From hurricanes to limited visibility, nature challenged me every step of the journey. I rescheduled my trip to the U-352 due to Hurricane Irene, which made landfall in North Carolina the week of my trip and is cited by Weather Underground as the seventh-costliest hurricane in United States history. I detoured to Lake Mead in Nevada.
Another weather-driven detour, I was unable to dive my planned site in Lake Michigan due to extraordinary waves. I instead dived the deepest inland lake in Wisconsin, Lake Wazee. I brought a group of Texans on this dive, so we made the most of our trip and also visited the U-505 in Chicago’s Museum of Science and Industry. We read in Shadow Divers by Robert Kurson that John Chatterton visited this U-boat, and also we were planning to dive the U-352. Having never seen a U-boat, this seemed a good way to familiarize ourselves with the wreck.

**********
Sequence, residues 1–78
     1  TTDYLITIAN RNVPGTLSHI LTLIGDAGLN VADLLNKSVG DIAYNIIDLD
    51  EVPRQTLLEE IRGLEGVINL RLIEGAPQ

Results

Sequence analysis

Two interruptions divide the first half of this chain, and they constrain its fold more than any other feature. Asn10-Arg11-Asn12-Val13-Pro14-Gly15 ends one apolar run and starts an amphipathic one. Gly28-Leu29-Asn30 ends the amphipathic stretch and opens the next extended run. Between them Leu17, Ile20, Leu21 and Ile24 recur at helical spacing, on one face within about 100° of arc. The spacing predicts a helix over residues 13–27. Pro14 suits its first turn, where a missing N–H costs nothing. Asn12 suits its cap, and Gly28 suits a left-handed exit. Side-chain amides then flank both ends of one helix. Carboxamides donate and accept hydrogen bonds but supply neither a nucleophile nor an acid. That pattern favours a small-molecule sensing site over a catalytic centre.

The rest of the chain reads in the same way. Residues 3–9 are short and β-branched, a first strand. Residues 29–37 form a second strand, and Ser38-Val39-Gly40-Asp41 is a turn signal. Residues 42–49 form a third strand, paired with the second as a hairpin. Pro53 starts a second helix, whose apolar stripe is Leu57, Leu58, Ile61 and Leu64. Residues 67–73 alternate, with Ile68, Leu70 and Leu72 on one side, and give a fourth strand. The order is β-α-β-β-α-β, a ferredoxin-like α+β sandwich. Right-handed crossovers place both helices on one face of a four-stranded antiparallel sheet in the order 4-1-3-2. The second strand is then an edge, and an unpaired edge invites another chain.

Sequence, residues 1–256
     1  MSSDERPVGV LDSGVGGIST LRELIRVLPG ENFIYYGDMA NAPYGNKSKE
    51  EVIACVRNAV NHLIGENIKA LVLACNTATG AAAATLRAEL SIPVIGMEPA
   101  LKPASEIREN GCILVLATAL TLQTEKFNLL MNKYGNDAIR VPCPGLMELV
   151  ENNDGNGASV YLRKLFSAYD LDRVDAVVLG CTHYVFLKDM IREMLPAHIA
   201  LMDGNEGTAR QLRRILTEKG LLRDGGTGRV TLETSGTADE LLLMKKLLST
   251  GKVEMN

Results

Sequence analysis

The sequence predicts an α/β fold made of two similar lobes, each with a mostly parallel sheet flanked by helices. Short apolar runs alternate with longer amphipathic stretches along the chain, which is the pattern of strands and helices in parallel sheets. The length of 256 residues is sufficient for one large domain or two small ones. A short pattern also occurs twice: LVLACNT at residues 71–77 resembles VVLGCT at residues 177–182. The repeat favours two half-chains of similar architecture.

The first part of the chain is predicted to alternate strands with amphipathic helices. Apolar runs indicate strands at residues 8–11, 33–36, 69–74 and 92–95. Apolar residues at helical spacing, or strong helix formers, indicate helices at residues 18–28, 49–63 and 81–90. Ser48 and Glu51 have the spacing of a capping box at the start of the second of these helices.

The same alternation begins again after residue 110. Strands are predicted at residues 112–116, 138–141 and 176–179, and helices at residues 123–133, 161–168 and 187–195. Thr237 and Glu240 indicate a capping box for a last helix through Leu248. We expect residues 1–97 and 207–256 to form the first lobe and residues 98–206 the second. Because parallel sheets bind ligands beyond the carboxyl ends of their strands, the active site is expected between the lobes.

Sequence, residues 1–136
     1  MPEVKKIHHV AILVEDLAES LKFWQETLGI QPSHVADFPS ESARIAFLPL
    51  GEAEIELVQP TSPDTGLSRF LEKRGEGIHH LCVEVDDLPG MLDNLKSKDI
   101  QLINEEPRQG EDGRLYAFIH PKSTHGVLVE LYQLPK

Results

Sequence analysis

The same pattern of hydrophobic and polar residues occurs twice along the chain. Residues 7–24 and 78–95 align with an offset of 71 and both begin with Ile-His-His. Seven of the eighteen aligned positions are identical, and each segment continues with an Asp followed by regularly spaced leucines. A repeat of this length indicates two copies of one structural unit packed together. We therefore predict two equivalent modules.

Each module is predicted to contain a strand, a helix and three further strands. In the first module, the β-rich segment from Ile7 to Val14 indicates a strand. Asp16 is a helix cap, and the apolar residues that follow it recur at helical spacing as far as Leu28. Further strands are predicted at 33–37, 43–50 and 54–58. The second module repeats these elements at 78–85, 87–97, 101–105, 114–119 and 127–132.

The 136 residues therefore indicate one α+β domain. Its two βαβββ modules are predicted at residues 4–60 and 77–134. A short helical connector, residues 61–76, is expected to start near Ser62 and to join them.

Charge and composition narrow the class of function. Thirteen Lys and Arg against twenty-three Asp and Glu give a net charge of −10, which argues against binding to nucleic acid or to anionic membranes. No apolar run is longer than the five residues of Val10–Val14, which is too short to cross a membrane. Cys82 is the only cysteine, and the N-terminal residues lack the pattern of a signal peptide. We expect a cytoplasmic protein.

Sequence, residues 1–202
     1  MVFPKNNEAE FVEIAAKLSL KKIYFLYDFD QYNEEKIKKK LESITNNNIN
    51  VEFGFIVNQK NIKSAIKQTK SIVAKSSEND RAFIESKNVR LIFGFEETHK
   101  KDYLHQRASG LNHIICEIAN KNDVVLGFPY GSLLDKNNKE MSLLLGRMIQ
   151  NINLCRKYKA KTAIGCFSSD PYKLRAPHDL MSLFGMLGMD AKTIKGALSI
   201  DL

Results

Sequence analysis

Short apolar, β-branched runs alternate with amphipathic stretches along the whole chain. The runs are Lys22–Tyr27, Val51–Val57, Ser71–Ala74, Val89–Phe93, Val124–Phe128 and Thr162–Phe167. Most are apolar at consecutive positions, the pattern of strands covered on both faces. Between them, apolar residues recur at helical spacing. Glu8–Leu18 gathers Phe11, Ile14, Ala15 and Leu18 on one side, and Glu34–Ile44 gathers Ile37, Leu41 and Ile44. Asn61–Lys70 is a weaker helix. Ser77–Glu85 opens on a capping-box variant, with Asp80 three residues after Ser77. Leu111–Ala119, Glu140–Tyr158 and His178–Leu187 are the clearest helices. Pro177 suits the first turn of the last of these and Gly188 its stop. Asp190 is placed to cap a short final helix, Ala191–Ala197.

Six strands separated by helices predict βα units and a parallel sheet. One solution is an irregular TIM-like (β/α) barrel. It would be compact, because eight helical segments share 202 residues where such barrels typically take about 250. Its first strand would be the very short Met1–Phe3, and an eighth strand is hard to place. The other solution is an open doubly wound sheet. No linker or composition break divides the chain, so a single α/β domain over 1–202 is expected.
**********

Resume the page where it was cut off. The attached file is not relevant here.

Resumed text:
Limited time and financial resources constrained each of the trips. I visited 106 dive sites in five years. My photography was often limited to one or two dives set between days of travel. Yet, I succeeded in completing the quest and was enriched by all that I saw.
By the fourth year of my journey, I became tired from the work to create the best images in too few dives. At this time, I scheduled my next dive in Portland, where I was amazed at the clearest water of my quest in Little Crater Lake. The tall pine trees around and in the water beautifully decorated this spring-fed lake at the top of a mountain.